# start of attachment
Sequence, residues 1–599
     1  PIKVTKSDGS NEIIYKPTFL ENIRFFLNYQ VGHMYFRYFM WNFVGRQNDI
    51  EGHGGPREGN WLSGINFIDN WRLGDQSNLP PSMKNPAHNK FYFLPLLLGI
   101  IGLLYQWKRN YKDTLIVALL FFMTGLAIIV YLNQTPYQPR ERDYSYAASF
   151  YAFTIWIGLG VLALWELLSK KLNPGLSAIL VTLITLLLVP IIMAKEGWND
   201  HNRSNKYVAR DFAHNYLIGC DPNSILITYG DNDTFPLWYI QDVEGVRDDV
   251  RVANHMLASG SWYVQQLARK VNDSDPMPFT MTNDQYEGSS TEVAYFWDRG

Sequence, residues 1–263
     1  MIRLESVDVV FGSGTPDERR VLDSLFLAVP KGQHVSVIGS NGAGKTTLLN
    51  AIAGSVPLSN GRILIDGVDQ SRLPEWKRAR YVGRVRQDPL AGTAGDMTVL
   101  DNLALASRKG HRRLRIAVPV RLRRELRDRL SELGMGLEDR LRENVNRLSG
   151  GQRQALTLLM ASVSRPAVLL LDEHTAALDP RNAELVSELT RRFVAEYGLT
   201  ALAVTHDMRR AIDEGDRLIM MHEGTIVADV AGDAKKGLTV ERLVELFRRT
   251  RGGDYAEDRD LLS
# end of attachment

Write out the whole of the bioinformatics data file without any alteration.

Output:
Sequence, residues 1–599
     1  PIKVTKSDGS NEIIYKPTFL ENIRFFLNYQ VGHMYFRYFM WNFVGRQNDI
    51  EGHGGPREGN WLSGINFIDN WRLGDQSNLP PSMKNPAHNK FYFLPLLLGI
   101  IGLLYQWKRN YKDTLIVALL FFMTGLAIIV YLNQTPYQPR ERDYSYAASF
   151  YAFTIWIGLG VLALWELLSK KLNPGLSAIL VTLITLLLVP IIMAKEGWND
   201  HNRSNKYVAR DFAHNYLIGC DPNSILITYG DNDTFPLWYI QDVEGVRDDV
   251  RVANHMLASG SWYVQQLARK VNDSDPMPFT MTNDQYEGSS TEVAYFWDRG

Sequence, residues 1–263
     1  MIRLESVDVV FGSGTPDERR VLDSLFLAVP KGQHVSVIGS NGAGKTTLLN
    51  AIAGSVPLSN GRILIDGVDQ SRLPEWKRAR YVGRVRQDPL AGTAGDMTVL
   101  DNLALASRKG HRRLRIAVPV RLRRELRDRL SELGMGLEDR LRENVNRLSG
   151  GQRQALTLLM ASVSRPAVLL LDEHTAALDP RNAELVSELT RRFVAEYGLT
   201  ALAVTHDMRR AIDEGDRLIM MHEGTIVADV AGDAKKGLTV ERLVELFRRT
   251  RGGDYAEDRD LLS